For her, music was everything. It was consciousness, it was voice, it was power. At sixteen, she first heard Tupac’s lyrics, “Why did ya lie to me? I couldn’t find a trace of equality.” He spoke truth. His voice illuminated injustice with which she was familiar. His songs were more than music. They were political. They were activism. Sarah felt pulled to his music because it felt liberating to hear someone defend the Black community. His lyrics resonated with her life experience. They described the oppression that left her people “trapped in [their] own community.”
Listening to music gave her power.
She surrounded herself with it and it became a way for her to express herself. When she found herself giving birth in the parking lot, she thought of Sarah Vaughan’s “It’s You or No One.” When she held her daughter for the first time, she knew her life would change forever and she heard Vaughan’s captivating voice ask, “How did I know that the warmth of the glow would last? I merely looked at you and I knew that I knew.” Sarah named her Isabelle Vaughn Rayburn.
Sarah, my mother, did not know then that music would be a love we would always share.
Since before I could talk, my mother surrounded me with music. On Saturdays, you could hear our gospel music from a block away. On Sundays, we stood together in the pew of our church singing hymns. Music brought us together. One day when I was in fifth grade and we stayed up all night listening to Beyonce until we had the entire dance to “Single Ladies” memorized. Just like Vaughan sang, the warmth of the glow lasted because music would keep us together.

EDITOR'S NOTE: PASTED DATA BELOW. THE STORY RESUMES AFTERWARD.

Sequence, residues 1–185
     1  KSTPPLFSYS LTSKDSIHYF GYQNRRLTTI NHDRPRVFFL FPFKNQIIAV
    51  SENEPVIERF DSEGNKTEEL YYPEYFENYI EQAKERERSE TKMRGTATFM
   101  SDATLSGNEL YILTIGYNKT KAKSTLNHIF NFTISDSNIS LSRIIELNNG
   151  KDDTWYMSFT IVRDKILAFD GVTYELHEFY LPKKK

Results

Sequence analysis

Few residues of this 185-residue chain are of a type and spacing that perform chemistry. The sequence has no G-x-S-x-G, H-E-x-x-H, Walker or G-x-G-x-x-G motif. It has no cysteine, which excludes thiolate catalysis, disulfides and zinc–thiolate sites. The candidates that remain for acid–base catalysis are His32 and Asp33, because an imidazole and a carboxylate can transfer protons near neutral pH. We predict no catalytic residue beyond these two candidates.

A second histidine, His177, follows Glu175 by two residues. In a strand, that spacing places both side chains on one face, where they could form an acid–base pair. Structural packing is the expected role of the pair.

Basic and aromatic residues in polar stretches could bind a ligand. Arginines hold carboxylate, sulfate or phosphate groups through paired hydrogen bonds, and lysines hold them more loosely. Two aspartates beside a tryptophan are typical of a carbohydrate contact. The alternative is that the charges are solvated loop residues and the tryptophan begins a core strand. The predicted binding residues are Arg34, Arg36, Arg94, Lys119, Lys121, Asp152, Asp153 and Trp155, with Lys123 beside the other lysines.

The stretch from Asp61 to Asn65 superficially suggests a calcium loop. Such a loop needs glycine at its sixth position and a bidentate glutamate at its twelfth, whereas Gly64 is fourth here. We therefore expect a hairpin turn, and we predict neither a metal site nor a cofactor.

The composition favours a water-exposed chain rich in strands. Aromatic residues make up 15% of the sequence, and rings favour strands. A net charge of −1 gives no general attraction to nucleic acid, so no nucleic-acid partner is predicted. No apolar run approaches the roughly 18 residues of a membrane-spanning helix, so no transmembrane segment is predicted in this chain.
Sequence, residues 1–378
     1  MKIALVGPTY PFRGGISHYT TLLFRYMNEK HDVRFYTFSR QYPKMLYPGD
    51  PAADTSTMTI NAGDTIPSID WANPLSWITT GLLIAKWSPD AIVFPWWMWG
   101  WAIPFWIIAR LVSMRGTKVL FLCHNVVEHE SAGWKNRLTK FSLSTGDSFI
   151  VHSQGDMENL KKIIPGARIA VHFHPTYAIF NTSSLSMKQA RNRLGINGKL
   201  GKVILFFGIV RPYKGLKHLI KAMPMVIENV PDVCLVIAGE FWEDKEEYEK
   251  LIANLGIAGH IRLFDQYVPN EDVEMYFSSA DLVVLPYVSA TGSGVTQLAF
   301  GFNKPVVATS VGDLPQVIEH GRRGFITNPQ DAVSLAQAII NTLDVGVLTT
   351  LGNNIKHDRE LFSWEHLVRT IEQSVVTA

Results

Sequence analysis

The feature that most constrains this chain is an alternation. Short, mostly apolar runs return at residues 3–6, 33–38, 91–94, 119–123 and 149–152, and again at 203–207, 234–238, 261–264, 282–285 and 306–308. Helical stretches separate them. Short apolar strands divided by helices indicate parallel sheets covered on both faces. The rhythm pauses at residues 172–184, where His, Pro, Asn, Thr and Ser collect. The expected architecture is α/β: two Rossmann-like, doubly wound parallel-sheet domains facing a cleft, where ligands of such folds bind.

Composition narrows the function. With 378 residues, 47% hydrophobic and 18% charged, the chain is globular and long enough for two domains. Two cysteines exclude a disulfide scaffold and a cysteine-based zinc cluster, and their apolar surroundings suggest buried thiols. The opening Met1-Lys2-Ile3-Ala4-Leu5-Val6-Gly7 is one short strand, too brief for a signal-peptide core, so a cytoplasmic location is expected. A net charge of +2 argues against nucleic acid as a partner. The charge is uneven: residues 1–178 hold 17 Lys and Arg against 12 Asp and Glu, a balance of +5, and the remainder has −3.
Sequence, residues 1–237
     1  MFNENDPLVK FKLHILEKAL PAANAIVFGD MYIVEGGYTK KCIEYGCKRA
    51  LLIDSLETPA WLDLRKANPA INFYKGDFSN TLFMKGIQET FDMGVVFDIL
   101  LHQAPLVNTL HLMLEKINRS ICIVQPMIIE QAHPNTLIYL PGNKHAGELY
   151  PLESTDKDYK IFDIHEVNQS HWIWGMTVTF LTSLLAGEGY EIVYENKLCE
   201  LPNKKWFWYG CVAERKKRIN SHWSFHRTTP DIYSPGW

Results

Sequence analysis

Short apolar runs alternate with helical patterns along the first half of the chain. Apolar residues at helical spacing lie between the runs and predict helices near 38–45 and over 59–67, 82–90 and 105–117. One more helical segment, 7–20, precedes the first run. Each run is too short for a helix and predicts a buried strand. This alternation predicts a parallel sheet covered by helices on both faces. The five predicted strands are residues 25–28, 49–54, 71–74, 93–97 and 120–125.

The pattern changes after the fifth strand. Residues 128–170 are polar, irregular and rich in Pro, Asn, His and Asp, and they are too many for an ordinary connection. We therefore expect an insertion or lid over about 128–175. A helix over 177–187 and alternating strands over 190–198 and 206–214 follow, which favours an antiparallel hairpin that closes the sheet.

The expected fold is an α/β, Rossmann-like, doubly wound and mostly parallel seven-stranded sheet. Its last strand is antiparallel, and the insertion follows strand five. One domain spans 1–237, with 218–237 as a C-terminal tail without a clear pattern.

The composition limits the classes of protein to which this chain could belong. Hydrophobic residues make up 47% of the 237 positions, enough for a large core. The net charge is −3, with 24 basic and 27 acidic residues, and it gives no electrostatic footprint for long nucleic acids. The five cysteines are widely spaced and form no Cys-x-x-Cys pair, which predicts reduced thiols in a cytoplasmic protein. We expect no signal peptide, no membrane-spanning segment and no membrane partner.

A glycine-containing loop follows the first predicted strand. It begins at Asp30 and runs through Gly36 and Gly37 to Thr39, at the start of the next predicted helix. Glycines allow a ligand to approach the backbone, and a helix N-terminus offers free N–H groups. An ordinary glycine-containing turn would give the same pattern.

Just like it had been for my mother, music became my everything. I was mesmerized by its universality. It allowed me to see that the struggles of my family and my community were shared by others across the country. It broadened my own horizons while still feeling like home. In other words, listening to music gave me refuge while also empowering me. It challenged me to go beyond what others expected of me as a young African American girl growing up in the inner city.
When I was asked “Is that your real hair?” I let India Arie drown out those questions with her lyrics “I am not my hair, I am not my skin. I am a soul that lives within.”
When my peers and I protested against police brutality and I felt concerned seeing black-on-black violence continue in our community, I found solace in Kendrick Lamar’s lyrics which ask “So why did I weep when Trayvon Martin was in the street, when gang banging make me kill a person blacker than me? Hypocrite.”
When a friend innocently standing on a corner to cross the street caught a bullet intended for someone else, J. Cole’s lyrics played through my mind, “All we wanna do is break the chains off, all we wanna do is be free.”
When I recorded my original poetry at a local radio station, I knew it was because Talib Kwalei’s lyrics empowered me through their promise that “the revolution is inside of [me].”
These are more than just songs to me, just like Tupac’s were more for my mother.
Their lyrics are forever imprinted in my mind and continue to inspire me to fight for change. They gave me power and consciousness in a country which has tried to keep me silent, marginalized, and invisible.
Music pushed me to write, to speak, and to lead. It pushed me to spend my senior year building a writing center to create the space and opportunity for other students to experience the power of voice. To provide them the chance to see what music showed me: you too, can use your voice as a force of revolution.